Q&A with Mesa County officials

Do Mesa County officials believe there should be any changes to the child welfare system as far as who children are placed with, how they’re placed, and how they’re monitored after that placement?


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Tracey Garchar, 
Executive director of the Mesa County Department of Human Services

“The statutorily mandated child welfare system, and the children and families the system requires us to become involved with, present challenges that are certainly not simple, or easy, and sometimes despite our best efforts, we cannot and will not predict human behavior 100 percent of the time. Is the child welfare system perfect? No it is not. Should the now-known, and very tragic outcome of these cases be used to paint a picture that we have a broken, failed system? No it should not. When we identify systemic opportunities for improvement, through the regular oversight and review of our processes, including the stringent review of all child fatalities and near fatalities by both Mesa County DHS Staff and the Colorado Department of Human Services, we take immediate action to change and improve those processes.”


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Dan Rubinstein, 
Mesa County district attorney

“From what I have seen, it is very rigid and presses timeframes on promoting kinship placements without regard to whether or not the kinship placements has met certain safeguards, and I realize the system is set up to ultimately provide those safeguards, but when a foster family starts the (process), they have gone through (those) screenings. That’s probably the area where the department should have more discretion. … I understand the value in a public policy promoting kids being placed with family members. I also, as the DA, understand that we often are prosecuting multiple people in a family because sometimes the apple does not fall far from the tree, and that is a very delicate balance.”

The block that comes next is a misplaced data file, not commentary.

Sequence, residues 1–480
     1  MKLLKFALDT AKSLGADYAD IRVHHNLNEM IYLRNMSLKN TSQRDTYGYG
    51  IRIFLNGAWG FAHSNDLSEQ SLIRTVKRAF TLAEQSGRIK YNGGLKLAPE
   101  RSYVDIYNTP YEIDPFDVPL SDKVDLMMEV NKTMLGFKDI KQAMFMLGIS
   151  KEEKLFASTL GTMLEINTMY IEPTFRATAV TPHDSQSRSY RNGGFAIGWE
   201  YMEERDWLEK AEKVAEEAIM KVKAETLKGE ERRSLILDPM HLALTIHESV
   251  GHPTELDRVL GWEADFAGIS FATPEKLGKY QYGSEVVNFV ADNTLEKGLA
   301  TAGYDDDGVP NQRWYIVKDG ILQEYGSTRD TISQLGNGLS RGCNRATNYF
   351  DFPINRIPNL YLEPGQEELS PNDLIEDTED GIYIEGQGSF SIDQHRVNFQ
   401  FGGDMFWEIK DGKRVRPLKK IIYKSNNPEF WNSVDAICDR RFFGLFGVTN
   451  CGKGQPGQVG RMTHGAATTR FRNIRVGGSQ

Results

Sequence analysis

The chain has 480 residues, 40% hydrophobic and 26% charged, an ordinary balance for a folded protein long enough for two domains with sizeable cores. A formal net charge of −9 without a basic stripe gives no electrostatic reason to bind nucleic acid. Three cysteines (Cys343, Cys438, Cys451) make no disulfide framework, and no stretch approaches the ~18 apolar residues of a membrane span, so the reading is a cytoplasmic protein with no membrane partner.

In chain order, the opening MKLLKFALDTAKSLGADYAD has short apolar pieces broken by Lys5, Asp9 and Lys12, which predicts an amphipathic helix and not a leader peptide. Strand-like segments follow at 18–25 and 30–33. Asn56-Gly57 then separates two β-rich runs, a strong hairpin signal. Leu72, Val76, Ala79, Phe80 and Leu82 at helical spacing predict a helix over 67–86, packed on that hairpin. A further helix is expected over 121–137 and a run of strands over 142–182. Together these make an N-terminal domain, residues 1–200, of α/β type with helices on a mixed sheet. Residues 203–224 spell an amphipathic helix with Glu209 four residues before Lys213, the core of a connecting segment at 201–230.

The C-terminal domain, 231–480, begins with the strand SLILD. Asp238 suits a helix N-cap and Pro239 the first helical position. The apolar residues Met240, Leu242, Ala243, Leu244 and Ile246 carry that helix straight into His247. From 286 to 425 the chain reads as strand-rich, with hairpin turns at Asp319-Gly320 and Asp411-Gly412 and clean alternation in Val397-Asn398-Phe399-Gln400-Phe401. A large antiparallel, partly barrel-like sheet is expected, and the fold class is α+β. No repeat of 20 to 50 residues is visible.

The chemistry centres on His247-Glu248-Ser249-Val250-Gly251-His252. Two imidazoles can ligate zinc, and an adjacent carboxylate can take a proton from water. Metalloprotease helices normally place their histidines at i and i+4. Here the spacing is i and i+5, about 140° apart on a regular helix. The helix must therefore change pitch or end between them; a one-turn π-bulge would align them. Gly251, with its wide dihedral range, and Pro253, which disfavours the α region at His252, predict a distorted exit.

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Rose Pugliese, 
County commissioner

“I am aware the children’s code may need some revisions regarding the placement of children, monitoring of children both in kinship and foster care and making sure children’s rights and best interest are at the forefront of the statutes in dependency and neglect cases.”


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Janet Rowland, Executive director of Mesa County CASA

“All kinship families should be treated as any foster family,” she said, noting that not all kinship homes are certified and do not have to meet the same requirements as foster families. “I think, absolutely, that they should mandate the training (for kinship families).”

Rowland also said there is an immediate need to address problems with transferring child-protection cases between counties and states, and monitoring children who move so they aren’t lost in the system.

Rowland is also a former county commissioner, former child-welfare caseworker and founding member of the “How Are the Children?” initiative and Prevent Child Abuse Colorado.

— Erin McIntyre and Gabrielle Porter


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